Poplar twiggall fly damage to an Aspen

Poplar twiggall fly damage to an aspen.

Jim Leser

Jim Leser.

Aspens are one of two iconic trees planted by Coloradans. The other is the Colorado blue spruce. But aspens come with a multitude of potential problems from many diseases, insect infestations, and animal damage. If you are planning to plant an aspen tree this year or already have one in your yard, you might look into why aspens might not be your first choice for a dependable, long lived tree for this area.

One of the most visible impacts from an insect pest of aspen would have to be from the poplar twiggall fly which produces galls on newer twigs. While these galls might be unattractive and bother you, unless you have a severe case of these galls I would not be overly concerned.

These galls form early in the season but continue to grow, forming large knots on progressively larger branches. Once formed they never go away. If multiple galls stack up along a twig or small branch this may severely restrict the flow of nutrients and water to the distal parts of the infested branch. This could result in branch death and eventual branch loss.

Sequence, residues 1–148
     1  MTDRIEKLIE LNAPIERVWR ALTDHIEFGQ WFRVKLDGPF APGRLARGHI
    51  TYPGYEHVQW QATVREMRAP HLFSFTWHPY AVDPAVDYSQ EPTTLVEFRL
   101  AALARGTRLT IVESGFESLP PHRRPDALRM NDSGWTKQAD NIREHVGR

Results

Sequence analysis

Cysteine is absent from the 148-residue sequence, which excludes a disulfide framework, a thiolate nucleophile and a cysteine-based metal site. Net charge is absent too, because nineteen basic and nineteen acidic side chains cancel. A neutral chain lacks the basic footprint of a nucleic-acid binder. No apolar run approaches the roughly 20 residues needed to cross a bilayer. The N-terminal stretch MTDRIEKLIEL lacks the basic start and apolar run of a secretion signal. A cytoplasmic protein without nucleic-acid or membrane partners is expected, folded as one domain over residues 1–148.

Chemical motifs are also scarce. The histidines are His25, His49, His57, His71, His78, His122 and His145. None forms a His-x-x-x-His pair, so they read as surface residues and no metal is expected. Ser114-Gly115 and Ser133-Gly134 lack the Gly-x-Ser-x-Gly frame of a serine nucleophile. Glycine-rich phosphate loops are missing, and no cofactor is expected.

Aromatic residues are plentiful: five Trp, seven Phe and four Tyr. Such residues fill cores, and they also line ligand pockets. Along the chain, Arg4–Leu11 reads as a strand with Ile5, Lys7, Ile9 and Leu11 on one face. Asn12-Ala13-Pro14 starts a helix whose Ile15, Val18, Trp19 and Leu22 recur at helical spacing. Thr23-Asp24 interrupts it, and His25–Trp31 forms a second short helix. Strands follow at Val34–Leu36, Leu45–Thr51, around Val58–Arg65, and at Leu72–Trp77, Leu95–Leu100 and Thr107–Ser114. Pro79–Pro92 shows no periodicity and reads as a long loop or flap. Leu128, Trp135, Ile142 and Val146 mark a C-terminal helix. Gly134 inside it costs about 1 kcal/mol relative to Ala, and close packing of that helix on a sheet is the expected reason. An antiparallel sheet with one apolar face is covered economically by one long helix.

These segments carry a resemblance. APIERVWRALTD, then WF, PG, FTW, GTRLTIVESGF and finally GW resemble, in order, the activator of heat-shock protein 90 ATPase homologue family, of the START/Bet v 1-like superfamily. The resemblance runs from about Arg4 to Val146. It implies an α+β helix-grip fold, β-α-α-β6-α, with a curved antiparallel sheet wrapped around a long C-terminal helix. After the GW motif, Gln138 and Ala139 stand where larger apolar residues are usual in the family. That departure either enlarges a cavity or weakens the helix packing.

But as I indicated earlier, these galls rarely cause significant harm to your aspen tree. The poplar twiggall fly has one generation per year, overwintering within the gall as a fully grown maggot. Pupation will usually occur early in the spring, sometimes even before leaf buds begin to open. Pupae then drop to the ground and soon after the adult fly emerges.

Once mated, these adult female flies will then insert their eggs, one or more per site, into the tissue of new twigs. Once these eggs hatch and the maggots start feeding, the tree responds by producing abnormal growth around this site resulting in a swelling or galling.

Removal of “galled” twigs is generally a waste of time and may be more detrimental than the galls themselves. There also is a tiny chalcid wasp that parasitizes this pest, resulting in control around 25%. Pruning off these affected branches later in the year may actually remove this beneficial parasitic wasp.

If you still feel you need to control this insect pest do not try by using foliar sprays of insecticide. You probably won’t time it right. The best insecticidal control I have achieved is with imidacloprid, a systemic insecticide applied as a soil drench around the base of the tree. Since it lasts up to twelve months, timing isn’t so critical. I apply my treatment in the fall when I’m not so busy.

But if some twig galling is your main concern, consider yourself lucky. There are several more serious maladies that can befall your prized aspens. I’ll cover these in subsequent columns.

Happy New Year and good luck with your landscape plans and may you have a bountiful harvest from your vegetable garden or fruit trees. If you need help please call the Colorado Master Gardener’s desk at the Delta County Extension office. We want you to succeed!

Jim Leser retired to Cedaredge in 2007 after a career with Texas A&M University Extension in entomology. He is a member of the Cedaredge Tree Board and a Certified Colorado Gardener.

Load comments